According to Jammy DeSousa, security products senior product manager with Johnson Controls International (JCI), “This also brings [intrusion] alarms and alerts within a security system into a secure VMS-based ecosystem. This is both a time and cost saver as it’s a proposition of set up once and deal with only one setup of [the] hardware.”
He believes that unifying systems in this manner will bring about cost savings because there are fewer computers to buy and maintain, less software in which to invest, a reduced number of service agreements and an overall drop in IT-related costs.
“There are also performance advantages, such as reducing false alarms through the use of video verification,” DeSousa says. “Benefits like these are driving demand for an easy-to-operate, unified system.”
Trends and Advancements in Video Surveillance
Probably the most impressive achievement in video surveillance technology has more to do with the incredible price drop that IP-based cameras have experienced during 2017. Quality, however, has apparently failed to keep pace with other types of security equipment over the same period.
“Video has been a two-market process. Consumers want CSI video quality for Costco prices, which in my opinion is an express train to the bottom. Most products are getting cheaper both in price and quality, and standards compatibility and interchangeability have not measurably improved,” says Ralph Wayne Sevinor, president of Wayne Alarm Systems Inc. of Lynn, Mass. “[For this reason,] we have established formalized services such as preventive checkups and welfare diagnostic reporting of the video platform to ensure continued quality operation.”
As to this year’s record drop in camera prices, Holley Hunt, global strategic account executive at JCI of the greater Los Angeles area, weighs in with what she believes will be the likely outcome.
“I believe it’s a race to the bottom of commoditization of the camera itself, with manufacturing becoming so global and inexpensive, the real value is in the AI and your brand,” she says. “Thus, camera companies are getting out of the business– Sony and Bosch, and then I just saw on the news that Arecont is suing a company from Singapore for pulling out of the deal to sell.”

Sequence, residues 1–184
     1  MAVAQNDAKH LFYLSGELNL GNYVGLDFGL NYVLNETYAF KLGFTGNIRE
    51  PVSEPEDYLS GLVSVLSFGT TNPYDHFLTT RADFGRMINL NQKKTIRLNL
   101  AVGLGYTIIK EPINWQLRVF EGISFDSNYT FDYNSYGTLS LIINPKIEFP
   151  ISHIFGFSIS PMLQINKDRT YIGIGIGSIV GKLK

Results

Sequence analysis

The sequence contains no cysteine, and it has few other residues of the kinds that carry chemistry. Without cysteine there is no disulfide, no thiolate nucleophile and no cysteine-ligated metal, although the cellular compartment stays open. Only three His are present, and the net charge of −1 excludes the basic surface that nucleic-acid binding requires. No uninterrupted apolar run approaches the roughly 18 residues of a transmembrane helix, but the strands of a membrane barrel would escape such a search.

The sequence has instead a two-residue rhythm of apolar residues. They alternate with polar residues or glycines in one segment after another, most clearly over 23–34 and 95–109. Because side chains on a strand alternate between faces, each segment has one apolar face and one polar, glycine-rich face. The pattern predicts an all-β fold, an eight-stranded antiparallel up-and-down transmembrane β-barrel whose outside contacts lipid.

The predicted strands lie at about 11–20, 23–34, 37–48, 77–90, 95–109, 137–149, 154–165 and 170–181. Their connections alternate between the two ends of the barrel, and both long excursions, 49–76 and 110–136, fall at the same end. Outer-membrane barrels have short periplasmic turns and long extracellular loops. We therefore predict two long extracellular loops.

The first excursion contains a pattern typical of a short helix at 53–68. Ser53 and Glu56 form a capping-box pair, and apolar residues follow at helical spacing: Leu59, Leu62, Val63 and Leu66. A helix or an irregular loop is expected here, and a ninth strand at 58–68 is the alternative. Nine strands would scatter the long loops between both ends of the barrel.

The most logical direction for these popular brands is to work on the development of an AI- driven VMS’ upon which all other security silos will operate. Another technological advancement of note over the last 10 to 12 months, as presented by Simplex Grinnell’s David Gonzalez, involves the consolidation of video images into compact data that can be stored more easily and in less space, thus creating tremendous savings.
Gonzalez says there’s a company that can convert video images into data (ProActive CCTV of Farmington, N.Y.) where it compresses a video feed into real computer data.
“ProActive is able to compress video images. In a 32-camera system, all 32 channels can be compressed into 8TB of data storage space, thus allowing for up to three years of compressed data storage.”
The use of 8TB rendering three years of storage is absolutely unheard of, until now.
Intrusion Alarm Trends and Advancements
There’s both good and bad news where it comes to traditional intrusion detection. First, from a hardware standpoint, some professionals believe there’s more that should or could have been done to move traditional alarm technology forward during 2017.
Wayne Alarm’s Sevinor says, “Frankly, we have a significant concern that the limited number of manufacturers of intrusion products are not keeping up with technology or customer demands. New entrants have more consumer savvy products. I don’t know if they’re asleep or blind, however this is a concern. If they don’t increase their product lines, keeping up with technology, we’ll be looking at unconventional product channels.”
In response to Sevinor’s concerns, over the past year, access control manufacturers have worked to accommodate intrusion detection devices and report functions in their operating system.
AMAG’s Takahashi says “We have our own detection system built into our panel. However, the way I see it, it’s another silo in an estate. The question is, when those alarms come in, how much info do you have and what are you able to do with it?”
It’s more helpful when security is able to integrate alarm systems into an integrated platform (see JCI’s DeSousa’s comments in the video surveillance section) that’s capable of rapid analysis and communication with in-field security personnel, thus providing them with good, better and best actions to take in an effort to create an amiable, safe and secure resolution.
“At AMAG, we focus on the operational aspects, such as how to manage alarms. We provide a strong operational solution providing we have a myriad of data to work with at the center of our integrated system. By making room for intrusion detection we have added considerably to the overall body of information that’s now available to those who manage security in real time,” says Takahashi.